Our Brethren in Norway are few in number, and mostly poor as respect’s this world’s goods. They are principally resident in and about Stavanger. They have been visited by Ministers of our Religious Society from England, and have been from time to time in correspondence with their English Brethren; and in some of their number have occasionally come to this Country. The intercourse which has thus taken place between them and Friends in England has furnished us with satisfactory evidence and confirmed us in the undoubted persuasion, that they are a quiet orderly people conscientiously concerned to live uprightly among men, and to obey the laws of the Government under which they reside where those laws do not interfere with their duty to God.
From the correspondence which has passed between us within the last few years, it appears that several of their small number have been subjected to grievous persecution in consequence of their faithfulness to our Christian principles.
Some time since a respectable Couple were sent to Prison for having been married according to the rules and usages of our Religious Society, which have been in use with us for nearly two Centuries. They were kept there for several days on bread and water, and sentenced to pay a fine and be separated from each other. From information recently received, we are, however led to believe that these proceeding’s are not sanctioned by the Laws of Norway, but that a contrary decision has been pronounced by the Supreme Court at Christiania. We hope that if any doubt remains on this important question, measures will be taken effectually to remove it.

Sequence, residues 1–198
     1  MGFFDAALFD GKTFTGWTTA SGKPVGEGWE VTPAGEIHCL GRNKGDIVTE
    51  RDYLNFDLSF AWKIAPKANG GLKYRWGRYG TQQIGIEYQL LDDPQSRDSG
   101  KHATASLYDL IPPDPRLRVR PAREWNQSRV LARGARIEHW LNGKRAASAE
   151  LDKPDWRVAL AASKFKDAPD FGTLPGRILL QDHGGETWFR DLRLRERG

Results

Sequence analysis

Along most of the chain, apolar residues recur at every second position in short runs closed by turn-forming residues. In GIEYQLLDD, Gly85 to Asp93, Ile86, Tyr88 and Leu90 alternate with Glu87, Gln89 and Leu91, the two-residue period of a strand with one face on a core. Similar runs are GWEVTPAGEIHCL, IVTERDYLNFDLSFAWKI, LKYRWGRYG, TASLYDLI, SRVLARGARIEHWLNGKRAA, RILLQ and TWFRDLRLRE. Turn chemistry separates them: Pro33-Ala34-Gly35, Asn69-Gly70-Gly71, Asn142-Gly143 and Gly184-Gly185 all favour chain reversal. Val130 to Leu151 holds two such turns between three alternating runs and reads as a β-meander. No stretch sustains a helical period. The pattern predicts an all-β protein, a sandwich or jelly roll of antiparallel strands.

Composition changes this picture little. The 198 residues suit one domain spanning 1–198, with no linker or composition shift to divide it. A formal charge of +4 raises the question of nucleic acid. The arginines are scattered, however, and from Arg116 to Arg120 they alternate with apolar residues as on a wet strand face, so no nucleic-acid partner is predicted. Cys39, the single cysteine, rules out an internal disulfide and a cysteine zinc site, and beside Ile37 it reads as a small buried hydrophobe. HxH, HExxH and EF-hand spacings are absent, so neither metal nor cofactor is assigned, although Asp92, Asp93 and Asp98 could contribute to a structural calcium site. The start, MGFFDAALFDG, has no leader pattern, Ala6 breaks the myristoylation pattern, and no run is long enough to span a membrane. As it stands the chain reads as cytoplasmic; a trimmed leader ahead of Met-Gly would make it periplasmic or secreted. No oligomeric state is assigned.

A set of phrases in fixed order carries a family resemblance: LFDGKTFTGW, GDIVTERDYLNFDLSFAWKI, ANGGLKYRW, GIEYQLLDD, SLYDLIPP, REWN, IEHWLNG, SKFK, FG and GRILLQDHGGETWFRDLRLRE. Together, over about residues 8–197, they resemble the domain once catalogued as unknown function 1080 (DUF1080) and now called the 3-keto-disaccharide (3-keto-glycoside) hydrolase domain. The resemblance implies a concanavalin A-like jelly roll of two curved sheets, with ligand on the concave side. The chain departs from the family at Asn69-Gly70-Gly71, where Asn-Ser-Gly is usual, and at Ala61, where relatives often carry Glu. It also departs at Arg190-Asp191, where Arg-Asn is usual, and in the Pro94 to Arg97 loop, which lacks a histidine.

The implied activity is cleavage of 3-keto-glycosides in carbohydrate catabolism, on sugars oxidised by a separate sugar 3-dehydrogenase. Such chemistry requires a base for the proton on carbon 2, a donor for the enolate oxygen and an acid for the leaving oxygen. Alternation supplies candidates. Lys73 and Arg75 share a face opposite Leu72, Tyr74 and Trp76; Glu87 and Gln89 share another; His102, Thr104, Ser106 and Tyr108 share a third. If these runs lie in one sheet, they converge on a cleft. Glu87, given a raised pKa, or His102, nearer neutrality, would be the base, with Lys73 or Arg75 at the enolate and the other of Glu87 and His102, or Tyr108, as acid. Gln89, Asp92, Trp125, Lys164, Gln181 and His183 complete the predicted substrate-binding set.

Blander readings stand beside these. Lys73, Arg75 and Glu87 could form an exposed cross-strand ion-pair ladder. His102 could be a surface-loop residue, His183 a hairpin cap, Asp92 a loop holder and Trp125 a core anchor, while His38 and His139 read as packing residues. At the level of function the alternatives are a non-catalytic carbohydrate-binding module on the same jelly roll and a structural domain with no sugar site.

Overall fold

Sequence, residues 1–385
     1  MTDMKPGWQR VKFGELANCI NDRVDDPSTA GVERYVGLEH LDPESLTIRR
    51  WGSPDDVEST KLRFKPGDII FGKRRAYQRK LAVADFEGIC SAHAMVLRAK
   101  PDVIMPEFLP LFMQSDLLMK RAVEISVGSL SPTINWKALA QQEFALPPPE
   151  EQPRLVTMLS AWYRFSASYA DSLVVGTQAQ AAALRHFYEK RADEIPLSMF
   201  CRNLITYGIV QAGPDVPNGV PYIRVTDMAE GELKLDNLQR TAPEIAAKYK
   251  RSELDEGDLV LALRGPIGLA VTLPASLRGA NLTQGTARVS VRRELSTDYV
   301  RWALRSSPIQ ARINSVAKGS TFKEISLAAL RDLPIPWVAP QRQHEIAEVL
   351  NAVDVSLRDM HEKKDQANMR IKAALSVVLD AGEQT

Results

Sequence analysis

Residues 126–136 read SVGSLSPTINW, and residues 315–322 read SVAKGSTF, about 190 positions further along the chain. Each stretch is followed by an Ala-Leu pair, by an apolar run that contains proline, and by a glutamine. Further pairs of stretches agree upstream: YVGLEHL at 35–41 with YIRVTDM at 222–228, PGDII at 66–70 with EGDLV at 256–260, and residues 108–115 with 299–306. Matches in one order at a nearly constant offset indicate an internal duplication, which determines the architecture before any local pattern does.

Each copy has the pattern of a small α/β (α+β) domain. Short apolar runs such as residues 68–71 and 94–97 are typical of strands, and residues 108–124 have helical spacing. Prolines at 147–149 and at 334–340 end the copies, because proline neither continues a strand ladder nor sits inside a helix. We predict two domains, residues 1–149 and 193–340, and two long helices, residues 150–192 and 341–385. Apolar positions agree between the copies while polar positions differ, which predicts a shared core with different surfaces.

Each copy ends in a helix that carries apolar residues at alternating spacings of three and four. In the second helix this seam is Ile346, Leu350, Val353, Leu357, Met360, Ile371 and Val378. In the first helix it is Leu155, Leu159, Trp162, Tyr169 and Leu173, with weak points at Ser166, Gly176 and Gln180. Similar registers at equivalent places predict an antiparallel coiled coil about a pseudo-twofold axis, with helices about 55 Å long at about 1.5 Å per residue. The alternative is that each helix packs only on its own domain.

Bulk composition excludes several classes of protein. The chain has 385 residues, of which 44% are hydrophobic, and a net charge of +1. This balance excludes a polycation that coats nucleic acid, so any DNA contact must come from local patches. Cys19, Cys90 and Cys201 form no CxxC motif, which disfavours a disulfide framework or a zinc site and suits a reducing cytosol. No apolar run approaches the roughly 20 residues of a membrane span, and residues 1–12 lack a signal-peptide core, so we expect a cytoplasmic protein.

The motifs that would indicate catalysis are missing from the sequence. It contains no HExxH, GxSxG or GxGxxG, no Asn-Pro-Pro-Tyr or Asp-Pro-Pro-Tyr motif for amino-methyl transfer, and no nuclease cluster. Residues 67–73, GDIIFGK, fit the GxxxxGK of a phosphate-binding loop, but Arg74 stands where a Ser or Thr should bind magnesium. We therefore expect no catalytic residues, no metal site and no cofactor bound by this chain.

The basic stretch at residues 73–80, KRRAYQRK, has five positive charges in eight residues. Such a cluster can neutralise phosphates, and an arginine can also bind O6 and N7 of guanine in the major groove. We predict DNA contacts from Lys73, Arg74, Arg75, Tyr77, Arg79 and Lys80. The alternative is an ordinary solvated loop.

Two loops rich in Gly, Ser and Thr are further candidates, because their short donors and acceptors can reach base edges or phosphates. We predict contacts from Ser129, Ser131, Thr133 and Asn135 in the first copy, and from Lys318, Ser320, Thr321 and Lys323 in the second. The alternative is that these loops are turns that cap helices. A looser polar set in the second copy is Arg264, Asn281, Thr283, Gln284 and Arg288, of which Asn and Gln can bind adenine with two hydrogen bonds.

Several cases have more recently occurred in which Parents have been thrown into Prison and kept there on bread and water and fined very oppressively for not bringing their children to Public Baptism according to the rites of the Lutheran Church, to which ceremony, in whatever form practiced, they conscientiously object, believing that the “One Baptism” “which now saveth is not the putting away of the filth of the flesh but the answer of a good conscience towards God by resurrection of Jesus Christ.”
Others have suffered the loss of property or have been prevented from carrying on trade because they could not swear and thus violate the express Command of Christ and his apostle “Swear not at all.”
In some of the above cases and also in Suits for Ecclesiastical demands or for payments for the support of Schools in which doctrines are taught from which they conscientiously dissent, the sufferers have frequently been deprived of property to three or four times the amount of the original demand, and in some instances lost nearly all their Cattle.